“Communication involves other people.”
I wrote this in a comments box of a Stylus review the other day, after another impenetrable tirade of banal linguistic trickery by one of our frequent commentors, who seems to take pleasure in a mean-spirited mockery of those around him by writing in such an obtuse and high-minded style.
Last night I spent two and a half hours parsing Rosalind Krauss’ densely-written A Voyage on the North Sea, in which she explains her vision of a “post-medium condition” in art theory. It involves several things, namely semantic discord over the term “medium”: the end of “the arts” as separatist disciplines, genres and techniques and the triumph of “art” as creative expression: conceptual art as anti-commodity-commodity: conceptual art as (critical) comment on both itself and its venue: and art as revealing the process of art rather than the object of art; that is art as “affect” rather then just “effect”. For instance Michelangelo’s David is not just a marble sculpture – it is the whole ontological process of the sculpture, from commission, planning, man with hammer, chisel and block of marble, to end result. The “art” is the whole process, not just the finished artefact.
I’m not an art historian and I’m not a post-modernist (maybe I am, though – who can say?), but the ideas struck me as essentially pretty simple. Conceptual art triumphs over “the arts” because it is not limited by technique, tradition, or tools; it is not separatist and it is not reductionist; it does not see painting as typified only by “flatness” at a base level. Take Magritte’s infamous pipe that is not a pipe; here it is;
The “art” in Magritte’s pipe is not that it is a painting, which is flat, and contains paints applied to canvas in a certain pattern; it is that it reveals explicitly the process of art. The phrase written beneath the image of the pipe makes you realise that you are looking at a painting and not a real object – we know this already, but like realist cinema imitates documentary which in turn imitates real life, the point of art is often to obscure its own process via mythology, to make you feel moved by something fake by making it appear not-fake, or real: this is what culture is; a system of mythologies which make the artificial (social, planned, cultural, man-made, representative) appear natural (evolved, spontaneous, spiritual, organic, real) – by encouraging you to ponder on the nature and origin (process) of the art.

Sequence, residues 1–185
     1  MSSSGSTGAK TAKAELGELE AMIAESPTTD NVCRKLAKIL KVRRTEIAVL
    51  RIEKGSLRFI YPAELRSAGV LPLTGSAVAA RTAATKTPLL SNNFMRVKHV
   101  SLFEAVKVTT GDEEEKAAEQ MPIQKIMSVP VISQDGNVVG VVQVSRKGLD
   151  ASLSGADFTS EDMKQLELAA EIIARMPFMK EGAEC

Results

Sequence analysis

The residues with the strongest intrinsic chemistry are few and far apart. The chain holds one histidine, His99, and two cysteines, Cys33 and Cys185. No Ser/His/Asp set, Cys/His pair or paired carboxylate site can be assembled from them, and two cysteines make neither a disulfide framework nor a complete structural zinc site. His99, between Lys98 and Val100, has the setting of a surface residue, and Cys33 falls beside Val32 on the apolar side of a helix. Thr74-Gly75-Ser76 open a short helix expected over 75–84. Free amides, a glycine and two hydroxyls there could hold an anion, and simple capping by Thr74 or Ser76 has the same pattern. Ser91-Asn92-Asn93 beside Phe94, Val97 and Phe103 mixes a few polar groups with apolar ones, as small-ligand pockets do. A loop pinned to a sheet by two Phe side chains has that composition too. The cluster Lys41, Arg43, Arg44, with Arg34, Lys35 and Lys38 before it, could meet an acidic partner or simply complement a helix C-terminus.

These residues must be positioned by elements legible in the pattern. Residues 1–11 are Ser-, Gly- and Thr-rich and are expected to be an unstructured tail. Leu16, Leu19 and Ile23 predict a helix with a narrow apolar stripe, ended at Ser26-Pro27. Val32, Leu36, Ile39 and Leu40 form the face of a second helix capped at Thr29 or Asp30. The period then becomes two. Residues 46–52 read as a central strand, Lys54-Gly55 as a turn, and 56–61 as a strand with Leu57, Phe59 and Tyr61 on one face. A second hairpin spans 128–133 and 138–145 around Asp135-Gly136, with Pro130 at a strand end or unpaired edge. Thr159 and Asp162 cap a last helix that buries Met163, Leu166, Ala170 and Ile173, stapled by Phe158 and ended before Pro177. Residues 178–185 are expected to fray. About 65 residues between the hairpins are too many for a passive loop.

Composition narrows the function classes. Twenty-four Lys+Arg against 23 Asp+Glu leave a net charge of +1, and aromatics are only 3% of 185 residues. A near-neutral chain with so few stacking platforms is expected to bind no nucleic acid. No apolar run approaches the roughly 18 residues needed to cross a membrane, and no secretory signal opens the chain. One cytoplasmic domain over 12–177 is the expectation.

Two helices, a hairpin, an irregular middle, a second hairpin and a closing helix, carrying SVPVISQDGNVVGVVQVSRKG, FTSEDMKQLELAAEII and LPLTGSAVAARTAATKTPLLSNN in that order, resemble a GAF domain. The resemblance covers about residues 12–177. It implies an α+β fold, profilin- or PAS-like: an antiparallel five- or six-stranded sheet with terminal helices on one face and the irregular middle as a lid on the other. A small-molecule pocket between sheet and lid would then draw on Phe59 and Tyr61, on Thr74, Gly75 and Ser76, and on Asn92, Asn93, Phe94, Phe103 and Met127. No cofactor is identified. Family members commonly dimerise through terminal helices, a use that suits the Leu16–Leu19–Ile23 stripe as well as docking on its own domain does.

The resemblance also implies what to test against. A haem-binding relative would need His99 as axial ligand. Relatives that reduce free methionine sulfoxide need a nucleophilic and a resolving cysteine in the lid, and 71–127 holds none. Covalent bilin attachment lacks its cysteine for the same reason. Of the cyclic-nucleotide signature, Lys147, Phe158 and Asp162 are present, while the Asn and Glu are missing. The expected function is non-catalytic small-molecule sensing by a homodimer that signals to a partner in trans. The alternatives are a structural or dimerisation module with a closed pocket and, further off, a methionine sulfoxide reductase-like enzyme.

Looked at as a simple material thing, as “just” paint on canvas, Magritte’s pipe is pretty dull – it’s a lifeless painting with drab colours, the proportions are odd, the lines unrealistic – but looked at as a conceptual whole in which you consider the process and reasoning that brought it into being, it is an enlightening marvel; “this is NOT a pipe!” one’s mind exclaims the moment you “get” it, and one feels a little smarter for having realised Magritte’s schtick, or joke, or deep metaphysical point (delete as appropriate). (Sad that so much conceptual art should be so rich in concept and so poor in sensual, tactile physicality – place a more equal emphasis on the idea and the object, please! I am sure more people would be better disposed towards conceptual art if it was as pleasant to look upon as it was stimulating to think about.)
The thing is that pretty much any art reveals its process if you look closely enough – the brushstrokes in a painting; the chisel marks in a sculpture – so Krauss’ fight against the modernists, who had reduced painting’s essence to “flatness”, perhaps rushes too far in the opposite direction, over-praising the concept in order to defeat the notion of “flatness” as the essence of a painting, or any specific physical characteristics and/or tool-sets as being the “essence” of any work of art, in any medium / genre / discipline. (One might argue that some conceptual art relies too much on the concept as its essence and that this kind of conceptual essentialism is just as reductive as materialist essentialism – Emin’s bed, perhaps; on a conceptual level it is her life, her emotional structure, her sexual history, her most vulnerable, sleeping self; but it is also just a bed, and painfully mundane to look at.)
These ideas are pretty simple; we all know them and our brains automatically process them a thousand times a day as we encounter magazine covers, billboards, televisions, etcetera. We (almost) all know the ontological ramifications of the Nike swoosh – sport, achievement, commerce, style, sweatshops, more – understanding that isn’t a post-modern trick; it’s common sense and awareness.
I had considered for a long time continuing my education past undergraduate level; if one thing turned me off, it was the fact that the area I’d have continued studying – pop music, pop culture, etcetera – would have meant necessarily having to deal with people like Deleuze, with post-modernism and the unnecessary density of post-modern prose which is self-destructive because it actively discourages communication of simple-yet-important ideas by alienating anyone unwilling to parse its lengthy hall-of-mirrors passages. I hate it. I hated it when a lecturer in my final year read out a passage of Deleuze and said “there; I don’t understand it, but it’s genius.” It’s not genius; it’s smoke and mirrors, obfuscation, ivory towers, gate-keeping, exclusivity, nasty intellectual egotism. The ideas beneath “God is a lobster; or a double-pincer; or a double-bind” may be genius, but “God is a lobster” is not; it is ridiculous. I delved into Sokal & Bricmont’s work; none of my lecturers had heard of them and I walked away from academia disgusted by the social irresponsibility of the culture it encourages in undergraduates as well as by the intellectual impostures, straight into a job at a university.
I’ve taken tomorrow off to parse some more Krauss.